Buddhism teaches spiritual happiness even in the face of discrimination

This special prayer station is set up near the cemetery at Quan Am. Buddhist followers light incense and perform rituals to honor the dead.

Xenophobia is defined as the unreasonable fear of that which is perceived to be foreign or strange. It can cause peaceful people to find themselves the subject of unprovoked aggression at any time. Religion can often be found at the center of this.

The state of Tennessee falls in the Bible Belt. According to Pew Research, 81 percent of adults in Tennessee refer to themselves as Christians. Only three percent label themselves as non Christian faiths with 14 percent labeling themselves as non religious. In some instances, members of different religions are discriminated against

Buddhism doesn’t believe in a god but instead believes in a spiritual and mental path, this philosophical difference is a reason why Buddhism is such a strange culture here in the south.

Mark Muesse , religion professor at Rhodes college is a practicing Buddhist. During his studies, he has travelled across Asia in search of what he defines as a spiritual opening.


This is the tranquility garden at Quan Am. Members go to meditate and clear their minds.

This is the tranquility garden at Quan Am. Members go to meditate and clear their minds.

“Buddhism is the first religion I found that matches my heart,” Muesse said. “Followers do not feel the need to share their religion with everyone else. It is more personal, and I believe that is why members of the Buddhist community are viewed as outsiders by some Christian denominations.”

Anthony Anderson is a “fortune baby.” In the SGI, or Soka Gakkai International, sect of Buddhism a fortune baby is one that is defined as fortunate enough to have been born into the religion.

Throughout his childhood, he recalls experiencing three kinds of Christians: those who instantly judged and disliked him, those who tried to convert him to Christianity and those who dismissed his religion entirely as if he never mentioned it.


“There were times when I was growing up that parents wouldn’t let their kids be friends with me, and some of my girlfriend’s parents would instantly judge and disapprove of me as soon as they heard I was Buddhist,” Anderson said.

Andersons experiences are not true of all Christian sects. Muesse points out that certain sets of Christianity are not immediately dismissive of Buddhism. Since moving to Rhodes he has been asked to come and speak at Episcopal, Presbyterian and Methodist congregations about the importance of meditation. A current member of the SGI sect describes his conversion from Episcopal Christianity.

Greg Coy is a Fox 13 broadcast veteran, who was born into an Episcopalian household.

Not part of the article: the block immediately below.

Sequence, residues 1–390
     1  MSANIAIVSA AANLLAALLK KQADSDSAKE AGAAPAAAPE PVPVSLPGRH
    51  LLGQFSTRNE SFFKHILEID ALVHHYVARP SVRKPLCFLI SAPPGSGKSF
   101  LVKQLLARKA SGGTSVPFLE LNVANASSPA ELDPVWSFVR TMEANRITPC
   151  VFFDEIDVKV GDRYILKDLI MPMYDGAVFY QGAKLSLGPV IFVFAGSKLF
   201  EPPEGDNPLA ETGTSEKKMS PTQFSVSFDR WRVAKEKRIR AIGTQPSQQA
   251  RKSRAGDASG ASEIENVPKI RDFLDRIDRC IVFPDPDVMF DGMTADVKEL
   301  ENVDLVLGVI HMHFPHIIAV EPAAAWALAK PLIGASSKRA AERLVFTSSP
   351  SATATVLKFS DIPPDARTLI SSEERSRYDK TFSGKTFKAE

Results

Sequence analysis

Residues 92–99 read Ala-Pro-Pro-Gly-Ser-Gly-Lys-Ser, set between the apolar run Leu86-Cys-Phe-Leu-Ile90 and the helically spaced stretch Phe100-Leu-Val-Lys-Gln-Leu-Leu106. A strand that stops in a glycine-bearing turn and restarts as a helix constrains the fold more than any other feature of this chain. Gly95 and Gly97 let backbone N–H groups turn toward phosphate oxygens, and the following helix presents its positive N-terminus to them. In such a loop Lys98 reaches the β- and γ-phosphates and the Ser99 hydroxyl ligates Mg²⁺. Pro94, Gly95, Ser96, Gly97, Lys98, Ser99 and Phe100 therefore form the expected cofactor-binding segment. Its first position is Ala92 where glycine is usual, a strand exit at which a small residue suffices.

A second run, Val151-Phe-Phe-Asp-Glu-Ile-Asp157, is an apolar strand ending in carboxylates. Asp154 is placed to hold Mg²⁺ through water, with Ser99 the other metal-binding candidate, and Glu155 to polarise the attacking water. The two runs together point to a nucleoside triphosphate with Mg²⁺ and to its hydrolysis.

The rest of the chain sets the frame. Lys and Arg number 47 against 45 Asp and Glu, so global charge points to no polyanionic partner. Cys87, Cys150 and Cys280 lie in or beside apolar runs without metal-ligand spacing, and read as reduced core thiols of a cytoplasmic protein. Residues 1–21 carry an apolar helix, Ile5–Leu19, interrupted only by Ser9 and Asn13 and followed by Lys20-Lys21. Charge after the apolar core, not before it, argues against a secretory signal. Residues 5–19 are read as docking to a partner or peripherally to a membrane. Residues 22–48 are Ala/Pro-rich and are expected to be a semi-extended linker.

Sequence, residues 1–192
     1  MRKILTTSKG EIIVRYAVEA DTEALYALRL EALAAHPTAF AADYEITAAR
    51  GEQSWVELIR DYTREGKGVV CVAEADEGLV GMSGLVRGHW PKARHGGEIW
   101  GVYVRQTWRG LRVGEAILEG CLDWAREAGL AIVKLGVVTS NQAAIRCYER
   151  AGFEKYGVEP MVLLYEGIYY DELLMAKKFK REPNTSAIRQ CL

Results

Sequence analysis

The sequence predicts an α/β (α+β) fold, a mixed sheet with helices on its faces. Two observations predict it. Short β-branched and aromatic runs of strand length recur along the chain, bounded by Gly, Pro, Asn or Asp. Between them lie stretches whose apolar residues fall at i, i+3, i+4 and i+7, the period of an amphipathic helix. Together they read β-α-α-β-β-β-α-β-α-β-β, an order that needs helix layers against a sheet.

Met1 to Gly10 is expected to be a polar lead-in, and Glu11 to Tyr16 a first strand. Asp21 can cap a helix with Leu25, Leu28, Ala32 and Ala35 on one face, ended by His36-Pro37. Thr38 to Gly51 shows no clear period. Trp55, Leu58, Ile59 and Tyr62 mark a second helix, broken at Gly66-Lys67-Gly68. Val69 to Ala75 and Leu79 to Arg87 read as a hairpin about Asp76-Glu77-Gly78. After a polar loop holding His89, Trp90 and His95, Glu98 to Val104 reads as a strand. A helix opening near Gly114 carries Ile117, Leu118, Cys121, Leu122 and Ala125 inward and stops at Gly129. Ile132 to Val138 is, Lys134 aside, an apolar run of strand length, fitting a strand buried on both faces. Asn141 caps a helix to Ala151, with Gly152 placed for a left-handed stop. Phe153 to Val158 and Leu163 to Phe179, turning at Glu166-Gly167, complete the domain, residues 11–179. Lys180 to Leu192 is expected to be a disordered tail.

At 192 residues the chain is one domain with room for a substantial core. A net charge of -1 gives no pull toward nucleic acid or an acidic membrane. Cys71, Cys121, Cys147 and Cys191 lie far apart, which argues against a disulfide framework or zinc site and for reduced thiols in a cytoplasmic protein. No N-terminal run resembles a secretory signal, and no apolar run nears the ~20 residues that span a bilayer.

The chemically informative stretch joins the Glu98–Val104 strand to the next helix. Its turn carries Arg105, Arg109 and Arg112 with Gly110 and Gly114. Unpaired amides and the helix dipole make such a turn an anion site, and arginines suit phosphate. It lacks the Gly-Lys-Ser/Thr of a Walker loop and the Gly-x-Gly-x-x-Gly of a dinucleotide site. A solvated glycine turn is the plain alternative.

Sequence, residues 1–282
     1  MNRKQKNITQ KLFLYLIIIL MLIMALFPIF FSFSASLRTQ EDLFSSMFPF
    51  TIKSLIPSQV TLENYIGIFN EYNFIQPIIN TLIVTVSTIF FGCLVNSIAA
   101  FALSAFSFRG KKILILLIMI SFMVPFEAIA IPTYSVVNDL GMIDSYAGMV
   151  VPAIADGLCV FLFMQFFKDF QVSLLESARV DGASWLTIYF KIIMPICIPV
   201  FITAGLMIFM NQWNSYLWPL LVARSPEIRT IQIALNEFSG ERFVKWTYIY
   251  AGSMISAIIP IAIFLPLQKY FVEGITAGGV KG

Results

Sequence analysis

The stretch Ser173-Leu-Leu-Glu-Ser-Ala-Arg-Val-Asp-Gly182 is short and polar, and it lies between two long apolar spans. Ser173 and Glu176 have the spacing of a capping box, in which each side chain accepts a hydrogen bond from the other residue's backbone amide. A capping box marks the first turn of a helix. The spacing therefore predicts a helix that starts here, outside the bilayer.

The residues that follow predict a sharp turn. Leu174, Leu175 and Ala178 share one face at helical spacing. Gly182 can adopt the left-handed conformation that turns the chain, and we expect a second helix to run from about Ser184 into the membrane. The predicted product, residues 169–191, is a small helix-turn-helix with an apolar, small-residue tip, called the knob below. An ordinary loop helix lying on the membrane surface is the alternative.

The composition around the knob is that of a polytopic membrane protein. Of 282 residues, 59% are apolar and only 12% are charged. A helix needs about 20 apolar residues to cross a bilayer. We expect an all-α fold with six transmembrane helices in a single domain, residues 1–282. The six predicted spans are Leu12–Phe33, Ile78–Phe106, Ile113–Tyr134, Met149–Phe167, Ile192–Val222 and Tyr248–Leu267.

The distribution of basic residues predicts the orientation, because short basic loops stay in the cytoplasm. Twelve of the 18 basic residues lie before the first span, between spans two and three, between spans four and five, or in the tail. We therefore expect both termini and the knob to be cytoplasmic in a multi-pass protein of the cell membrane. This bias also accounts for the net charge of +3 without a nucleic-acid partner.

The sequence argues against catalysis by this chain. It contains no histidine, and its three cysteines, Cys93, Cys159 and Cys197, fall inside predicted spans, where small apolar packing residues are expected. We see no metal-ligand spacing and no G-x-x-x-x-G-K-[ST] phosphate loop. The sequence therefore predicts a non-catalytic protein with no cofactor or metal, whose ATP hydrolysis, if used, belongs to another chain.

Coy converted to Buddhism on January 3, 2010.  He’s referred to as a new traveler in SGI vernacular, which is the name given to a member when they convert to reflect a person’s rebirth or new slate for their path to spiritual enlightenment.

“My older brother, who I thought would be the most open and supportive about it, ended up seeming the most disappointed,” Coy said. “For a while he ignored the fact that I had converted. Now after a few years we are finally able to have calm religious discussions about our faith.”

Coy is not alone in terms of caution from friends and family. Muesse was born in Waco, Texas into a conservative Southern Baptist community. After he had a crisis of faith and went on his spiritual journey that led him to Buddhism, he recalls a few times that old friends would balk at his transformation.

“A few times when I have gone back home to visit family, I will run into old friends from High School,” Muesse said.  “On some occasions those friends have been upset and almost disgusted hearing me talk about my spiritual journey”

Muesse said that since Buddhism is often practiced within it’s own community not many people would be able to tell if someone was a Buddhist outside of the temple. He added that this could point to a sense of isolation.

While there are different temples and Buddhist community centers around Memphis, not many of the temples have active youth programs. The University of Memphis added a local branch of the Vietnamese Student Association, which is celebrating it’s first semester at the university.

Trinh Lee is the president and founder of the Memphis branch. He spent the summer before his senior year filling out paper work so that students could have a community to share with.

“I just wanted to leave Memphis knowing I have the opportunity to share my culture with the Masses,” Lee said.

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About the Author

Matt Thomas
Matthew Thomas is a reporter covering religious minorities for the Memphis Mirror. Matthew is a senior at the University of Memphis and an advent sports fan. For the past four years he has done the play-by-play for Memphis football and basketball and is now interning at Yahoo Sports. He enjoys talking on air, reading and hiking.

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